Most people think that solids, in contrast to liquids and gases, do not change their shape irreversibly in response to small stresses. The more refined view is that solids deform plastically, with the deformation persisting after the stress is removed. This can occur even under small stress through the thermally activated motion of defects, when the solid is given enough time to relax. The process resulting in the shape change of solids under stress is not completely clear, but suggestions are that it resembles the process of the laminar flow of fluids. However, when stresses exceed a critical value, laminar flow becomes unstable. Above this critical stress level, fluids often develop turbulence, while for high enough stresses, solids will crack, or if they are ductile and malleable, will form shear bands, which are narrow zones of intense shearing strain.
Writing in Physical Review Letters, Narayan Sundaram and colleagues at Purdue University, Indiana, propose that the response of solids may turn out to be more fluidlike than previously believed . The team detected turbulent vortexlike structures in copper, which were produced by the sliding motion of a hard steel wedge indenter against the copper surface at velocities of about mm/s. Similar fluidlike instabilities in sliding solid interfaces have been predicted in nanometer-scale molecular dynamics simulations , but the new results are nevertheless surprising: the experiments were performed at velocities several orders of magnitude smaller than the simulations and the flow instabilities were triggered in an extended region ahead of the actual point of contact, rather than at the interface between the sliding solids. Using particle image velocimetry, the team observed that within a range of wedge incidence angles, “bumps” arose in the copper surface a few hundred microns ahead of the indenter’s wedge. The morphology of these bumps looked similar to the undulating protuberances of fluids near a hydraulic jump (a sudden rise in liquid height often observed at a sudden velocity decrease). As the wedge approached the bumps, they sometimes interacted and grew into folds, which got buried underneath the steel wedge. The folds were elongated while emerging from underneath the tip, producing isolated tears and open folds. A schematic of the folding dynamics is shown in Fig. 1. The material above the crack ( in Fig. 1) is only loosely connected to the substrate and can easily be sheared off to produce thin platelets or chips, which are typical for metallic debris .
Sundaram et al. modeled their experiments by carrying out finite element simulations in which the material is divided into “cells,” and found striking similarity with the experimental features when assigning different plasticity (but identical elasticity) to the individual grains with a typical size slightly exceeding microns. The simulations reveal that softer cells are squeezed upward to produce the bumps on the surface. They mutually attract under the compressive action of the tip to form the folds, which emerge at the surface as fold or crack features in the wake of the wedge, just like in the experiments.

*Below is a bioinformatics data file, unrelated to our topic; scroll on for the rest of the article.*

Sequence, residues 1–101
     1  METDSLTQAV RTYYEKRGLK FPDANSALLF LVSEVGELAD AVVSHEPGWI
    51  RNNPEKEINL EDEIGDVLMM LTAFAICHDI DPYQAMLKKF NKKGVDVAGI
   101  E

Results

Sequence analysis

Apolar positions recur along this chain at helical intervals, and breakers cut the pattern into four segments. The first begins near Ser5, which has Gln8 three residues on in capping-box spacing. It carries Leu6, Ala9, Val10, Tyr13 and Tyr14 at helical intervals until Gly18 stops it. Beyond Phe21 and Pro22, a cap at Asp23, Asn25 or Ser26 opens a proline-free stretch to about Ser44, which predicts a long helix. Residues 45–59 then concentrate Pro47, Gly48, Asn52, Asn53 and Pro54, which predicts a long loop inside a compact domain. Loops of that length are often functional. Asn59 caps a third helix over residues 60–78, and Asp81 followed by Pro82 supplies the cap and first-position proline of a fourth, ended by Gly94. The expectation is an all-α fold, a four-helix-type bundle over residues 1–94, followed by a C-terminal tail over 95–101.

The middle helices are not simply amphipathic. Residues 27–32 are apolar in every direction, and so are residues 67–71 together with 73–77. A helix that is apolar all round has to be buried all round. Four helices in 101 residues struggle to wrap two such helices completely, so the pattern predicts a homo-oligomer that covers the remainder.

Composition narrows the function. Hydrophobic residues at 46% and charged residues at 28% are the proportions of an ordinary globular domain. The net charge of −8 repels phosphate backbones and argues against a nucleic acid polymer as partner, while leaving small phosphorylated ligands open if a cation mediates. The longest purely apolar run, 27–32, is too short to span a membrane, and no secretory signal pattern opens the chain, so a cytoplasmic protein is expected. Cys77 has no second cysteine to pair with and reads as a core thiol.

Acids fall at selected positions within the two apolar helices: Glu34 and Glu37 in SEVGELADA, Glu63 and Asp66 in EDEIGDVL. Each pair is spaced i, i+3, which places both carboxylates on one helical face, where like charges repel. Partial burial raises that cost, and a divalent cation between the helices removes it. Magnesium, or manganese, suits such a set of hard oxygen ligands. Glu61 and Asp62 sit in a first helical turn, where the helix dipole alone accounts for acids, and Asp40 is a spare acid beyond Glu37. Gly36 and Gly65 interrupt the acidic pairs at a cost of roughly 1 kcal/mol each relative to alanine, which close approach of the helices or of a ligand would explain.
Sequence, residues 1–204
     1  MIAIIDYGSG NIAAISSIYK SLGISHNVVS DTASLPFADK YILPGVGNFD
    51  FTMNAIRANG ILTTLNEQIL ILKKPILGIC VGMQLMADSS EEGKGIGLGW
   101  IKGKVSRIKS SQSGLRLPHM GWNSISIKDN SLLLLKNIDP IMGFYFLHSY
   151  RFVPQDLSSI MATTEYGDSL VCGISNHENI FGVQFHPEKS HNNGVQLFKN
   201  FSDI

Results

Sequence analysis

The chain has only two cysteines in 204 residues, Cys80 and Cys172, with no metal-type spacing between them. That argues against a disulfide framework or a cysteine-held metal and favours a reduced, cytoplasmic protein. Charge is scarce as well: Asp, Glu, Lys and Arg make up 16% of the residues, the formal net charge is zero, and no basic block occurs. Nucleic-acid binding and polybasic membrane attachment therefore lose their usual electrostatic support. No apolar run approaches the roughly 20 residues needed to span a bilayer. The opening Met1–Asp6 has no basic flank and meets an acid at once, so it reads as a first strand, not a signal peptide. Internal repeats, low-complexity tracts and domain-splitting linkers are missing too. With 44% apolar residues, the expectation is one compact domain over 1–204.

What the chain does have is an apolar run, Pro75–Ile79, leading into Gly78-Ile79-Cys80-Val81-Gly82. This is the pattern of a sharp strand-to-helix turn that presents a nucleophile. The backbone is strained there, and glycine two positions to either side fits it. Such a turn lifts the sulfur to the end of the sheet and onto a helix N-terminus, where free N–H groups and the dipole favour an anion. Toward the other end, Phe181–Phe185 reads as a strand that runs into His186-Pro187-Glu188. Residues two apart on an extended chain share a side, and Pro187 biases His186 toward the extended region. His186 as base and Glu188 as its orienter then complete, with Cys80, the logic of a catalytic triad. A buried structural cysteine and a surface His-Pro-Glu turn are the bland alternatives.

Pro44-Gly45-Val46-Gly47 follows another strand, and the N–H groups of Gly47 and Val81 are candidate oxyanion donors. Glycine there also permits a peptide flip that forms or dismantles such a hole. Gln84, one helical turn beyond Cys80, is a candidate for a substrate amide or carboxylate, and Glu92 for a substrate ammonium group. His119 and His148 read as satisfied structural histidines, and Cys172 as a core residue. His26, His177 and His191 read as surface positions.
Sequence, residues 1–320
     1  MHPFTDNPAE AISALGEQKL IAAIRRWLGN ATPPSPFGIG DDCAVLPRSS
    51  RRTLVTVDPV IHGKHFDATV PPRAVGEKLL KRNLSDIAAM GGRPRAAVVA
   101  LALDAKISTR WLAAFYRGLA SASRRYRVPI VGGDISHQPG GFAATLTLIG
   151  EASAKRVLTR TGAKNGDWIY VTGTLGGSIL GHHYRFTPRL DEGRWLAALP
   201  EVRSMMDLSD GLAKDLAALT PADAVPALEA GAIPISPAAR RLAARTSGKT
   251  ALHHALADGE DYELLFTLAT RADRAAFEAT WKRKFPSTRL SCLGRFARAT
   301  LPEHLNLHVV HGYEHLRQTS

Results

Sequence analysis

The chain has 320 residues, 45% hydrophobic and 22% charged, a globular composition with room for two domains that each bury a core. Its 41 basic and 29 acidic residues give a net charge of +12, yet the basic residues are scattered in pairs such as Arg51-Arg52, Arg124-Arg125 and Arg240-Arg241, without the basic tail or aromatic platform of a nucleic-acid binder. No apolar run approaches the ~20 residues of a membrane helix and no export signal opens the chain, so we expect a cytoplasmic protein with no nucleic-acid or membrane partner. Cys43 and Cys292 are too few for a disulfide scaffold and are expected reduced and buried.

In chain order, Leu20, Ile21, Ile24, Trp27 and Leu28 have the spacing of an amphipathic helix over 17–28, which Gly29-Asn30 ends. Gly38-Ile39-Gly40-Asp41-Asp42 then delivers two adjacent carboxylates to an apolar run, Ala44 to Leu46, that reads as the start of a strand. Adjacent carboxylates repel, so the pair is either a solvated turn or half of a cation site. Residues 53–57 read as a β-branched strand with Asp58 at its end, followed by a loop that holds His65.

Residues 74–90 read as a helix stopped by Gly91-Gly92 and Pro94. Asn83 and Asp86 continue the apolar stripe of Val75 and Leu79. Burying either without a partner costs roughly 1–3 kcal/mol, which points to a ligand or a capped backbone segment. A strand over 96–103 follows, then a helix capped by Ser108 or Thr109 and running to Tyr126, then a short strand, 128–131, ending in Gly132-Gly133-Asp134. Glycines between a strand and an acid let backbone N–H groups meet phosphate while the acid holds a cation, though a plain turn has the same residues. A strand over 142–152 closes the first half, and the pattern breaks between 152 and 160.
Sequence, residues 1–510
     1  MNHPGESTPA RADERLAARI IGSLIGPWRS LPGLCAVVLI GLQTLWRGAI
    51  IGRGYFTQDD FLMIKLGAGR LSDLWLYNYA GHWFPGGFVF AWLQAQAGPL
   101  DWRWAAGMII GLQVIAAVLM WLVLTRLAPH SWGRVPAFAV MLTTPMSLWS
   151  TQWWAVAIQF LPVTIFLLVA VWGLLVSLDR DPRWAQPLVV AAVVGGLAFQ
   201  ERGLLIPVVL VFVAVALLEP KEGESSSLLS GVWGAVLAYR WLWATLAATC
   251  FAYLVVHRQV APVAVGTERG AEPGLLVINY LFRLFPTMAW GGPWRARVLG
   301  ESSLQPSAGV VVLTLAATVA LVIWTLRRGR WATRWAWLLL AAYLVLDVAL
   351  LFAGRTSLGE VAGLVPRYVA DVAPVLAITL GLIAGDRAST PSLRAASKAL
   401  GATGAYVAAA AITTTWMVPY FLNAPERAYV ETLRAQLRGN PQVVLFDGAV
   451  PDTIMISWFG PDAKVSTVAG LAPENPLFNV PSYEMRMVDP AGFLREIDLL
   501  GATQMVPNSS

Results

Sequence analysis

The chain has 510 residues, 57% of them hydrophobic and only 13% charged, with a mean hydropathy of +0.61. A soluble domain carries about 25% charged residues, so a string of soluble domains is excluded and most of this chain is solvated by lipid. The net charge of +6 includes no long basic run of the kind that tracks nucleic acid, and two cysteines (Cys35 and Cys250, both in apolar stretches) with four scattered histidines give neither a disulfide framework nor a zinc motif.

Simulating an undulating but mechanically homogeneous monocrystalline solid did not turn out to be successful. In order to observe folds in these homogeneous simulations, it was necessary to start with a large initial sinusoidal amplitude that far exceeded the experimental roughness amplitude. So, surface roughness cannot explain the experimentally observed folds, and thus the heterogeneity due to the grains in the solid is the most likely rationalization. The new study therefore adds to the established view that platelet-shaped metallic debris particles arise as the consequence of stretching and delamination from cyclic loading or an initially rough surface : The particles can also emerge as a consequence of a plastic instability caused by heterogeneous grains eventually inducing mesoscale folding of the surface.
Note that the observed plastic instability should not be related to the elastic buckling instabilities of objects, since the latter are scale free and independent of the grain size, while the observed formation of bumps and folds is intimately connected to the grain size of the investigated material. Nevertheless, it would be interesting to investigate to what extent quantitative parallels can be drawn with continuum fluid dynamics. Qualitative discussions of this sort have been proposed not only in nanotribology , but also in a geological context .
The wedge investigated in the new study can be thought of as a small-scale machining tool, or alternatively, as a polishing grain, which is attached to a work wheel or part of a polishing paste. The study by the Purdue researchers reveals that a road to improving the surface quality of machined metals lies in a better control of the grain geometry and its impact angle with the metal. This insight bears the promise to design future machining equipment in a more targeted and controlled fashion than presently possible.
- N. K. Sundaram, Y. Guo, and S. Chandrasekar, ”Mesoscale Folding, Instability, and Disruption of Laminar Flow in Metal Surfaces,” Phys. Rev. Lett. 109, 106001 (2012).
- D. A. Rigney and S. Karthikeyan, “The Evolution of Tribomaterial During Sliding: A Brief Introduction,” Tribol. Lett. 39, 3 (2010).
- K. L. Johnson, “Contact Mechanics and the Wear of Metals,” Wear 190, 162 (1995).
- Y. Y. Kagan, “Seismicity - Turbulence of Solids”, ” Nonlinear. Sci. Today 2, 1 (1992).